Corporate leaders, now more than ever, have an opportunity to redefine the role of the corporation on a world stage - and to leverage our ability to improve the lives of individuals, companies, communities and nations - for the better. We have a chance and an imperative to improve the choices, economic condition and sphere of opportunity for billions more people in the Asia-Pacific Rim - and around the globe. It's a greater mandate - one that our customers increasingly demand of us, one that is deserved by every country in which we do business and one that must be undertaken because it can be.

Many of you know that I've studied European medieval history. What drew me to the subject was a curiosity about what triggered the transformation from the medieval era to the Renaissance, what caused the shift from medieval thinking to enlightened thinking; what sparked centuries of sustained and enduring human achievement.

When Galileo, Copernicus and Levenholt turned the theory of an earth-centered universe on its head - they forced people to rethink religion, politics, art, commerce and individual responsibility. Hundreds of years of parochial thinking gave way to curiosity and possibilities.

But the new thinking that defined the Renaissance was not without its opponents. Just look at the case of the Italian philosopher, astronomer and mathematician Galileo. You may remember that Aristotle held the view, essentially, that an object 20 times heavier than another, will fall 20 times faster than the other. That view prevailed for nearly 2000 years because from 300 BC to 1600 AD apparently no one ever accidentally dropped an apple and an olive at the same time. Then around 1590, Galileo went to the top of the leaning tower of Pisa, dropped objects and disproved Aristotle.

Almost as soon as he set foot again on the ground, he was stripped of his position as chair of mathematics at the University of Pisa. His church forced him to recant his views that the planets revolved around the sun and not the Earth. He was eventually sentenced to life imprisonment for suspected heresy - by those who felt most threatened by the changing ideas they saw around them.

Galileo aside, only when merchants and business owners stepped up and played a crucial role as a countervailing force to the critics - taking the inventions and innovations of the Renaissance and making them relevant for thousands of citizens - did the Renaissance reach its full flower.

I think there is a reason for that. During times of great change, people cling more tightly than ever to their version of the truth, because they fear that their beliefs, their authority, their culture, their sense of certainty and their way of life are going to be diminished. So they do all in their power to challenge these new ideas, and try to undercut it. The church was threatened by Galileo because if the sun was the center of the universe, then it meant that God - and his earthly creation - were not. If that was true, what did it mean to the authority of the church? It was only when people found a share meaning in their lives; only when people saw the positive benefits that these discoveries brought to their lives - like the telescope, which improved mariners' ability to steer by the stars - only then, were people willing to put aside their fears and anxieties.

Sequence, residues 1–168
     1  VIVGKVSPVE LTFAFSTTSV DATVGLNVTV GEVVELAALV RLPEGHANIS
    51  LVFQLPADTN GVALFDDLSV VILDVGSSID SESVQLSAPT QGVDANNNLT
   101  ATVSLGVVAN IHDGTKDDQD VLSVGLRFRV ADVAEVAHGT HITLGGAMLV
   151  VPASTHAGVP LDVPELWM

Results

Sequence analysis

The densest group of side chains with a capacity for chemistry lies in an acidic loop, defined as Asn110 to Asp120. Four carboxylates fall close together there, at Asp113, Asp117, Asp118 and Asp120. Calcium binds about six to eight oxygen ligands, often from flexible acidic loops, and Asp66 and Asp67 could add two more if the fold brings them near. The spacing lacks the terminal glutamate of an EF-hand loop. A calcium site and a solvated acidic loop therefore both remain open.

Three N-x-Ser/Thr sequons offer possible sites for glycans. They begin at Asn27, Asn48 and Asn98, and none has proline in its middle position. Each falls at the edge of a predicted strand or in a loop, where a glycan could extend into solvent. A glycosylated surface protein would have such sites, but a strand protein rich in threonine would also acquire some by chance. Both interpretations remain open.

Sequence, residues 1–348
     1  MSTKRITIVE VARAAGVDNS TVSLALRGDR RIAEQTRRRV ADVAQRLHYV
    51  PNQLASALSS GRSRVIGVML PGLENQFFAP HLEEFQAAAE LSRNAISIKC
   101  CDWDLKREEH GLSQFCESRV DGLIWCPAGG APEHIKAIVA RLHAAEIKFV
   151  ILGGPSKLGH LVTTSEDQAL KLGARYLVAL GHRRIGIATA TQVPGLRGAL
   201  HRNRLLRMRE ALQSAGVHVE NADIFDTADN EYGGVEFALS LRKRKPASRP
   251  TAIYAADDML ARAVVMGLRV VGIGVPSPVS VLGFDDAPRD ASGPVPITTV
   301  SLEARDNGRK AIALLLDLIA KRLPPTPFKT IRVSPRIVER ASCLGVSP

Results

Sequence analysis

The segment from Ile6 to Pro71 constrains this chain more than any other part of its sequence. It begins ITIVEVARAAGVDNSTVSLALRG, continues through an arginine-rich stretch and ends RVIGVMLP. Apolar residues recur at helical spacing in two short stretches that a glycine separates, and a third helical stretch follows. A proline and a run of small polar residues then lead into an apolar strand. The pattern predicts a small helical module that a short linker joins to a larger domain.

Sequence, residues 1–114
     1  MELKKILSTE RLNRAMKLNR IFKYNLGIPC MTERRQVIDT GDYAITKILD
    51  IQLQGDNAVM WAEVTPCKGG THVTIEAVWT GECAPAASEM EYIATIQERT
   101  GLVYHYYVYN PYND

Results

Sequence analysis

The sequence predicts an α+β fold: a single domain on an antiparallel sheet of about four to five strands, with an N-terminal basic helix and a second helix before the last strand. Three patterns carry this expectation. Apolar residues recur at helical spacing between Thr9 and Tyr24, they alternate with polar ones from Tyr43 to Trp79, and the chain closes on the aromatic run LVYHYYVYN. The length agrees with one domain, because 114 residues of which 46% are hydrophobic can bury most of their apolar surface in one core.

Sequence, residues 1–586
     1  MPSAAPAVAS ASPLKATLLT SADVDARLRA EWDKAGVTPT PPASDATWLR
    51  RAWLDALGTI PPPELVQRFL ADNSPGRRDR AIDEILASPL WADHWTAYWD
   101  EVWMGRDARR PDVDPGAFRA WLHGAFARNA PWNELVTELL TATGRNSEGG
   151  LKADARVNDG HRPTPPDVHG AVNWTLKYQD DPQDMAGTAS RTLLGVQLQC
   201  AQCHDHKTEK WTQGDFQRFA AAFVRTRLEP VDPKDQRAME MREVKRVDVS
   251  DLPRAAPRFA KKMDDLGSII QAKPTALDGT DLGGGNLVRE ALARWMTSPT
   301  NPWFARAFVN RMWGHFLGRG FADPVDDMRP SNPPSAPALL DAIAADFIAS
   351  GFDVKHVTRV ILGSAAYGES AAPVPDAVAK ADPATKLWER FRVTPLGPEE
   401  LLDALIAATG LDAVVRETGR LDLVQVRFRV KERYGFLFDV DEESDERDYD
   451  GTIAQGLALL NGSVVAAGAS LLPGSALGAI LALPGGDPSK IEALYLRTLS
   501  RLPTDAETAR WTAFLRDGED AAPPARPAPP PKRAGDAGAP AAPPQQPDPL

The same is true today. This is an era when technology is liberating the imagination and removing barriers. I would argue that we are at the beginning of a new Renaissance, the Digital Renaissance. Once again, millions of ideas are coming to fruition and inventions are coming to market. But the steady march of globalization and information technology that is creating prosperity and progress for millions won't have lasting value if billions feel like they have no stake in it at all.

The protesters we saw in Genoa and Seattle, along with less fortunate people in many parts of the world, see the changes brought by increased globalization, but they don't understand them, and they fear they will be either marginalized or left behind. At a time when more than a billion people still live on a dollar a day, it's not hard to understand why they were afraid. So they lash out.

Just as the European Renaissance proved, it's only when people across the world start to see these new discoveries making an impact in their lives - in better jobs, education, health care, quality of life, better opportunities, cultural preservation - will this latest Renaissance have answered its critics and dispelled the opposition.

Like the Renaissance, the opponents of progress can only win if they make us do less than we once did to live out our dreams. We cannot let fear - of economic uncertainty or the threat of terrorism - stop this new era and humanity from reaching its full potential. To those who would fear the changing world, who would try to stop our forward progress by making us afraid, our response cannot simply be to be unafraid. Our response must be to show the people whose hatred is inspired by fear why there is no reason to fear.